If you ask someone to draw a sketch of an Indian Girl, most probably they will draw any girly face and then draw a Bindi (sort of a red dot), on her forehead. 😀 In reality, if you go to any Indian city, you will be disappointed to see, that not every girl, wears this red dot on her forehead. 🙂
I couldn’t find out, who started this tradition of wearing Bindi? But, I do found out why it started, and what is it’s actual significance?
Now a days, mostly north Indians women wear Bindi as a symbol of their marital status. A Red Bindi is mostly worn by married women on their forehead. Widowed and unmarried women don’t wear Bindi. Even if they do, they wear a Black Bindi or Sandalwood Bindi. But, these customs are not followed religiously everywhere, and I think it’s for the best, because Bindi is not supposed to show your marital status or your fashion statement, but rather your spiritual self.
Before we go about exploring Bindi, lets first see the importance of place where we apply it. Bindi is applied at the center of the forehead just between the eyebrows. Why this place is important?
The position directly behind the center of forehead is of Ajna Chakra, the Sixth Chakra. This is also known as the position for the Third eye. Sixth Chakra is the highest chakra in our physical body. If you remember my several posts on Chakras, the highest Chakra, Seventh Chakra is rather placed in our outer body, also called as our spiritual body, just above our head. Thus our Sixth Chakra, Ajna Chakra, is the highest center of Spirituality in our physical body.
Sixth Chakra is for command, intuition, intelligence, as it represents mind, knowledge, and also connection between our physical self to spiritual self. Sometimes it is also referred as the gateway to attaining spiritual energy and Moksha.
In earlier times, when people used to pray, they used to awaken this Ajna Chakra, through their Kundalini Shakti. In a very simple term, during praying or more specifically Meditation, this place being the gateway for energy, becomes active, and as Kundalini passes through it, it becomes hot. Focusing on your Sixth Chakra also create headaches for some time. To calm this effect, and cool it, people started putting Kumkum and Sandalwood on their forehead, in the form of a Bindi or Tilak. Both of these have a cooling effect.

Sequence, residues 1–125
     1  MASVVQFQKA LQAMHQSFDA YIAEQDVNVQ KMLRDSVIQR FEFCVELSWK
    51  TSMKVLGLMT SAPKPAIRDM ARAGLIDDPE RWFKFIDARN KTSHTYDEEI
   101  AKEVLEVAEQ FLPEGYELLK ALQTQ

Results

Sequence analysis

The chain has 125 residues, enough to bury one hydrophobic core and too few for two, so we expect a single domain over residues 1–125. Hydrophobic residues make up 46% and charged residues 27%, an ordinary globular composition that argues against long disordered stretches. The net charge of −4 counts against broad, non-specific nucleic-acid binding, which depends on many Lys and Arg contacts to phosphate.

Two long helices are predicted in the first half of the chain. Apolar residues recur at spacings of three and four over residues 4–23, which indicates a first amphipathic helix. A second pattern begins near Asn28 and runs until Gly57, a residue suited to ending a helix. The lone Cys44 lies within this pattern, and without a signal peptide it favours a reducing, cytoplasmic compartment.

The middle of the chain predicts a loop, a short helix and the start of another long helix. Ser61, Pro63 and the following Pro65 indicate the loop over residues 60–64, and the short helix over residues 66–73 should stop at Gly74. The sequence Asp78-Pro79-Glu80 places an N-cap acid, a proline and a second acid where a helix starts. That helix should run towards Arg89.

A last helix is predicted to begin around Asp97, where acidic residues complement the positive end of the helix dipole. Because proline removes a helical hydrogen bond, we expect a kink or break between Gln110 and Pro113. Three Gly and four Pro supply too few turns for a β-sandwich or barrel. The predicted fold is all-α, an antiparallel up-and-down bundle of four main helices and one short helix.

Now a days, it would be very rare if anyone has this capability to awaken their Kundalini Shakti to such a level as to took it to Ajna Chakra. But this practice of putting Kumkum and sandalwood Bindi, just before praying started based on this basic notion. Also, to show importance of this super dynamic place filled with heightened spirituality, we place a mark of respect and devotion. It is also a representation for the Third eye.
So more than Bindi, it’s the place where we apply Bindi, is of utmost importance. More power to our Ajna Chakra.
Keep watching this space because soon we will talk about significance of color in Bindi. Till then Happy Reading, Happy Learning. 🙂
Few weeks back, I took Marriage Blessings in a church (with the same husband of mine, of the last five years). Why? There is quite an interesting story behind it…. promise to post it in my next writeup.
It’s not a big deal if you want to read your marriage vows again, but if you are a Hindu by religion and do some function, that too, of marriage sort of, in a Church than it’s bound to raise many questions. Some of them were less of a question and more of statements, coming from family and friends. Like, have you changed your religion?, or, Is it done for some christian belief?, or, did you forgot abut your culture?, or, You are now totally in influence of western culture… and blah blah…..
Questioning is good, it makes your mind curious, and makes you look out for the right answer. I am reading about religion, specially Hindu, since childhood, now a days I have taken a fancy about other religions too and their stories, about their evolution and coming to existence. Reading about other religions has in fact made me more closer to understanding my own religion – Hindu Dharma.
First of all, Hindu is not a religion, it’s a Dharma. If you go into translation, then Dharma (Hindi/Sanskrit word) is translated as Religion in English. But, Dharma has a more broad meaning to it than just Religion. Dharma means to hold, to bear, to believe; to hold what you believe, to believe what is true, to believe what is right. Dharma means to hold on to your rightful beliefs and truth.